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Old 10-11-2012, 09:44 AM
Charles Plessy
 
Default Hijacking^W^W^W^W^W^WSalvaging packages for fun and profit: A proposal

Le Thu, Oct 11, 2012 at 05:50:51AM +0000, Bart Martens a écrit :
>
> | Anyone can mark a package as orphaned after the following steps have been
> | completed : Someone submits an "intent to orphan" (ITO) in the bts with an
> | explanation of why he/she thinks that the package needs a new maintainer. The
> | explanation should cover aspects like how long there was no visible activity,
> | whether there are NMUs not yet acknowledged, wheter the package blocks progress
> | elsewhere in Debian, release critical bugs, public comments from the maintainer
> | revealing lack of interest in the package, ... etc. The bug must have severity
> | "serious" and a cc must be sent to the debian-qa mailing list. Anyone can
> | submit this "intent to orphan". At least three DDs (not counting the initial
> | submitter) second the "intent to orphan" on the same bug report with a cc to
> | the maintainer. If some DDs send NACKs instead, then a 3/1 majority is needed
> | between ACKers and NACKers. And the maintainer does not respond within one
> | month after the the third second. During this process anyone is welcome to add
> | comments on the bug.

Hi Bart,

here are some comments.

- It would be more straight to the point to submit an "Intend To Salvage" (ITS) and
focus on such takeovers, because merly orphaning the package does not guarantee
that it will be actively maintained.

- You may clarify that the bug is to be reported to the package, not to the
wnpp pseudo-package.

- How about requesting that the explanation contains the plans for future work on
the package ?

- I am not found of the voting procedure, and would rather propose to follow a
similar process as for the modification of the Policy and the Developers
Reference, where at least three DDs need to indicate that, in their conclusion,
a consensus has been reached. I think that if a package is orphaned with for
instance a 16:3 majority, it indicates a problem rather than a consensus. Also
if the maintainer opposes, this shows lack of consensus and a vote can only
aggravate the situation.

- For response delay, it think that one month after the bug is opened would be
a good compromise. It also makes the deadline more predictable, as opposed
to voting or counting consensus assessments. We can not use private
information such as vacation flag of the LDAP database in public bug records,
so we must assume that the maintainer may not be available. This said perhaps
we can request that DDs must not post ITS on pacakges where the maintainer has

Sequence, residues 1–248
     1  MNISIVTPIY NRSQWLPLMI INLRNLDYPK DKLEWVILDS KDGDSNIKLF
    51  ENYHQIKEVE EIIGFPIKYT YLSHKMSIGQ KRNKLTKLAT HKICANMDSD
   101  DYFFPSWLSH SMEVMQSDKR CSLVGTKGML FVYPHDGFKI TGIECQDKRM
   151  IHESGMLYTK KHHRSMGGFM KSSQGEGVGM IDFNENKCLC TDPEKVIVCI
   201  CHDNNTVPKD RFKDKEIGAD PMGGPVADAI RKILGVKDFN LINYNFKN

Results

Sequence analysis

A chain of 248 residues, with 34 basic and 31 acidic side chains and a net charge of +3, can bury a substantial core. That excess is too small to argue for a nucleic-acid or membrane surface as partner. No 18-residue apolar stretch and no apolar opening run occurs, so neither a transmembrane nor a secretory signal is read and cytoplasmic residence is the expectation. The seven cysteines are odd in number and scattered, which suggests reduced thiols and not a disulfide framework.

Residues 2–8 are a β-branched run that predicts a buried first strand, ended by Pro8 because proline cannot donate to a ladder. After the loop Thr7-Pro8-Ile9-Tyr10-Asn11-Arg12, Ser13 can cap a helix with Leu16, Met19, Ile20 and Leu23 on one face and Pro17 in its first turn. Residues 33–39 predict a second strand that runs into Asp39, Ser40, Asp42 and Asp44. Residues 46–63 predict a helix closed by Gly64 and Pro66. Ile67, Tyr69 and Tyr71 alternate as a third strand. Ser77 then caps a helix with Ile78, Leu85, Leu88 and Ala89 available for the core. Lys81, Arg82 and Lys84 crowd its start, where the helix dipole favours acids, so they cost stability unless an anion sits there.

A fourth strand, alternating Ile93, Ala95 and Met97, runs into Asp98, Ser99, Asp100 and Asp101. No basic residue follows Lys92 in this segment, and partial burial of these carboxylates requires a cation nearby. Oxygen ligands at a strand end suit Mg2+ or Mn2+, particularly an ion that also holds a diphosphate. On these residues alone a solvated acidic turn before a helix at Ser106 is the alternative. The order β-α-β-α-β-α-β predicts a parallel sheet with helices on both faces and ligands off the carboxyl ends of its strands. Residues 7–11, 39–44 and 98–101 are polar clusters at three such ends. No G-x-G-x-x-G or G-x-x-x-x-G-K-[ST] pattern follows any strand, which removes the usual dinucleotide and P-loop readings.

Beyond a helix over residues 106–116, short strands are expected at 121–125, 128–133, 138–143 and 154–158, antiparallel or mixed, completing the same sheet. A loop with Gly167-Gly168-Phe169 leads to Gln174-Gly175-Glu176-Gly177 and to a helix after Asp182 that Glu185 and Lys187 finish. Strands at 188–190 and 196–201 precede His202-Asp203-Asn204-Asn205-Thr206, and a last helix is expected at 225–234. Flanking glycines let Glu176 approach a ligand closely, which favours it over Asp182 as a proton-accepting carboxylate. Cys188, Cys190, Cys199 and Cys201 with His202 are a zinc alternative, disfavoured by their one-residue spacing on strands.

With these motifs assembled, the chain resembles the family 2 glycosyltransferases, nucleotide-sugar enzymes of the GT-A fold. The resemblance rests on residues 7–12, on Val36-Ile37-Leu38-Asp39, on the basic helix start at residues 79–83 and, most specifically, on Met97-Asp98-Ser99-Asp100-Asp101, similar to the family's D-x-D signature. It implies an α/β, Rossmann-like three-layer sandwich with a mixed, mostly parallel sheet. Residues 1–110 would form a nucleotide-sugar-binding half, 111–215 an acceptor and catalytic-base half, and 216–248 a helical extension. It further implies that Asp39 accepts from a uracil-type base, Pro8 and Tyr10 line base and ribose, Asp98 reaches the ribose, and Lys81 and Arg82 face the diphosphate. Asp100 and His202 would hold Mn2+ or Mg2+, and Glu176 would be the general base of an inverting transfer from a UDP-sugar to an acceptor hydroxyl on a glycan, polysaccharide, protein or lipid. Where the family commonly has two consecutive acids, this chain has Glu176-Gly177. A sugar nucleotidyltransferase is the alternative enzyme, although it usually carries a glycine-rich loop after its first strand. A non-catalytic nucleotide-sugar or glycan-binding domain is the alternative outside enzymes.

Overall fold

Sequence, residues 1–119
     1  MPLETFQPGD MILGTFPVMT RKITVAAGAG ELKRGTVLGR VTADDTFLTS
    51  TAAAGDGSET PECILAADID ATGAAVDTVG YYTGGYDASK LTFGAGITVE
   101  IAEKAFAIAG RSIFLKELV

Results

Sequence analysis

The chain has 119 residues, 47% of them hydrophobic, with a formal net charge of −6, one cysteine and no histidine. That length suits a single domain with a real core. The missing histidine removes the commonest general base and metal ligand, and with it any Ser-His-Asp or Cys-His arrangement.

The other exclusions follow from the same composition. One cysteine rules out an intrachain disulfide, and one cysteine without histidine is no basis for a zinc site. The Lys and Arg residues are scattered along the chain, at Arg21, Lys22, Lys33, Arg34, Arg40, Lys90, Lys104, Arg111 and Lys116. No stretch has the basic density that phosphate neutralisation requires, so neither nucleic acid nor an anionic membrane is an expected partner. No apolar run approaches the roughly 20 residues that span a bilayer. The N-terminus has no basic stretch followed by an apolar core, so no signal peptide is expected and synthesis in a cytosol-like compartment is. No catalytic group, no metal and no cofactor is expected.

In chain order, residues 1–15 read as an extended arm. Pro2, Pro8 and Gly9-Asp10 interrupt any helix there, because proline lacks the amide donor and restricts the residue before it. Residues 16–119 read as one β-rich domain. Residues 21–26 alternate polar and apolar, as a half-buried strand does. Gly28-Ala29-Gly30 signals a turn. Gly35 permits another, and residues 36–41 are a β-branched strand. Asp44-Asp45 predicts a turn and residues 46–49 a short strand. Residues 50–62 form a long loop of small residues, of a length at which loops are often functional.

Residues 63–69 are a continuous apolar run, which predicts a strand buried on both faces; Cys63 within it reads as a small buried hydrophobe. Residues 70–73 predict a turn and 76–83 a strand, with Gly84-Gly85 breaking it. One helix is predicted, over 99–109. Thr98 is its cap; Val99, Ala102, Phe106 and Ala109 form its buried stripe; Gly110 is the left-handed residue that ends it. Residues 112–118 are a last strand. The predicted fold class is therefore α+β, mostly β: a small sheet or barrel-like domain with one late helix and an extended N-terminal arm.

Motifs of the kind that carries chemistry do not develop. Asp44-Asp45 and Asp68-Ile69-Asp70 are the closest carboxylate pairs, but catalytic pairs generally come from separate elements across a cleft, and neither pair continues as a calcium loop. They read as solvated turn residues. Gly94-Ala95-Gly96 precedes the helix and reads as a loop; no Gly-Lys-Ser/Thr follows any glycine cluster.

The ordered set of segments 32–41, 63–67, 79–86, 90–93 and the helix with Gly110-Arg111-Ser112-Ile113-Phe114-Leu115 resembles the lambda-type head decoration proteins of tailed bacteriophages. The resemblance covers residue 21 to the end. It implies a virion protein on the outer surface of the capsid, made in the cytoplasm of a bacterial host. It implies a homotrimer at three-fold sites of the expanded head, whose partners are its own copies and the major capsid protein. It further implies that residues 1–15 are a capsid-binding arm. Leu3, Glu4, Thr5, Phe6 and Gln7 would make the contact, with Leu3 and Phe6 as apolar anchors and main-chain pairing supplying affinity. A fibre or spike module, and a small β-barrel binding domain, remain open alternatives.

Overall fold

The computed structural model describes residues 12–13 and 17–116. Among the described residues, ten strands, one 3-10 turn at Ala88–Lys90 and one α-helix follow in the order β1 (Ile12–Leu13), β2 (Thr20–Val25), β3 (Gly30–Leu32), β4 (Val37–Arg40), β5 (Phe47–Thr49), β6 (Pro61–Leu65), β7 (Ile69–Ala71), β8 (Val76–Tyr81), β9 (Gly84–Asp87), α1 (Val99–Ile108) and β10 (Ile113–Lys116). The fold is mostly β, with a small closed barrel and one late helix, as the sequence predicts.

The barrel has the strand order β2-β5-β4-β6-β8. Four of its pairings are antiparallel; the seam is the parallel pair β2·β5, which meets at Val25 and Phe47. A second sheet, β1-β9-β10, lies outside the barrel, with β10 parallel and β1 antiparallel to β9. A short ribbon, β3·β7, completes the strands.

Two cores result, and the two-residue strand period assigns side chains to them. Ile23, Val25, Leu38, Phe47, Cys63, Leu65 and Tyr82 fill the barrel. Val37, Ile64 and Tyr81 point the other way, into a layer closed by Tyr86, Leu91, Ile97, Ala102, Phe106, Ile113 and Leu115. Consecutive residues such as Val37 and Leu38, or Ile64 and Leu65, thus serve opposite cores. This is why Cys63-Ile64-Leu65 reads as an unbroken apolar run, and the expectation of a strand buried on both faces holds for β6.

declared being on vacation in the LDAP ?

- Lastly, how about an expiration date ? If we all agree on a one-month delay
for the maintainer's response, we can also use it as an expiration date. If
within a month there is no reaction of the maintainer, but on the other hand
the proposer does not manage to attract support or even positive comments, then
it either signals unwritten problems, or it asks the question whether the package
should really stay in Debian.

Cheers,

--
Charles Plessy
Tsurumi, Kanagawa, Japan


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Old 10-11-2012, 01:14 PM
Scott Kitterman
 
Default Hijacking^W^W^W^W^W^WSalvaging packages for fun and profit: A proposal

On Thursday, October 11, 2012 06:44:53 PM Charles Plessy wrote:
...
> - I am not found of the voting procedure, and would rather propose to
> follow a similar process as for the modification of the Policy and the
> Developers Reference, where at least three DDs need to indicate that, in
> their conclusion, a consensus has been reached. I think that if a package
> is orphaned with for instance a 16:3 majority, it indicates a problem
> rather than a consensus. Also if the maintainer opposes, this shows lack
> of consensus and a vote can only aggravate the situation.
...

I am also concerned with this. I think it should either be unanimous or there
is a dispute the tech ctte should resolve. I don't think we should introduce
voting on the quality of other DD's package maintenance.

Scott K


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Old 10-11-2012, 10:18 PM
Sam Hartman
 
Default Hijacking^W^W^W^W^W^WSalvaging packages for fun and profit: A proposal

For myself, I'd feel a lot more comfortable with DDs seconding than DMs